Finding God in War
President Nelson’s success helping to create a heart-lung machine in 1951 drew the attention of the Surgeon General’s Office in Washington, D.C. With the United States entangled in the Korean War, the Surgeon General’s Office decided to make the most of President Nelson’s obligated military duty by selecting him to form a surgical research unit at the Walter Reed Army Medical Center.
After uprooting their family and just days after the birth of their second child, plans changed for First Lieutenant Nelson, who was transferred into active duty. During that summer of 1951, President Nelson toured South Korea, including the battlefront, visiting mobile army surgical hospital units and suggesting improvements.
During this time, President Nelson came face to face with life-threatening danger, paralyzing fear, crippling handicaps, pain, death, heartbreak, disease, and those who lost limbs, lost their innocence, and lost hope. No doubt President Nelson’s kindness and compassion helped heal and uplift those suffering in such terrible conditions, even as his own empathy grew.
In one instance, President Nelson told the story of meeting a young LDS soldier in a hospital—one who helped him understand the true breadth of faith:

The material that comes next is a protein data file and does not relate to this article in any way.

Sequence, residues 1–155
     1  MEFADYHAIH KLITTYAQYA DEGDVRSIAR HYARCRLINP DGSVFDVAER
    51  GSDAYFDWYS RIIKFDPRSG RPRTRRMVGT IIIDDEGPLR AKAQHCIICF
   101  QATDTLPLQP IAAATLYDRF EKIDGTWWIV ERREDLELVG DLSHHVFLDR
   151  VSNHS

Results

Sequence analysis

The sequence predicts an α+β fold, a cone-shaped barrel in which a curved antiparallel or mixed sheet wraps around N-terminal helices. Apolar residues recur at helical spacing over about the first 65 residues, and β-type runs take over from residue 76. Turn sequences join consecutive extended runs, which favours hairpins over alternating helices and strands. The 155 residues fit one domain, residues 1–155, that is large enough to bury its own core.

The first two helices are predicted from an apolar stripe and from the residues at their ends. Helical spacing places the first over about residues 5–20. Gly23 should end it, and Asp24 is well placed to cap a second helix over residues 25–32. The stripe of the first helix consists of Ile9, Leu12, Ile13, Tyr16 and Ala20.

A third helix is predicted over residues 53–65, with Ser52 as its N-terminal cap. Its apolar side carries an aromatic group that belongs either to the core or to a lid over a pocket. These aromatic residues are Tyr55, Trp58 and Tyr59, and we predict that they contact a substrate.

"As I came to one mobile army surgical hospital one of the doctors who knew I was a member of The Church of Jesus Christ of Latter-day Saints asked me if I would be willing to see a Mormon boy who'd been hit in the spine with a missile. He was a paraplegic; wouldn't ever use his legs again and so as I was introduced to this young man, he could see that I didn't know what to say. I greeted him and expressed condolences and love as best I could and he said, 'Oh don't worry about me, Brother Nelson. I know why I am here. And I don't use my legs to work out my salvation. I do that with my faith.'
"I learned a lot from that young man. He was under age. He was not even old enough to be an elder, but there he was with great faith facing a future of inability to use his lower extremities. I often wonder what ever happened to that wonderful young man who taught me a lot about faith" ("Saints at War: Korea and Vietnam," pages 120-121).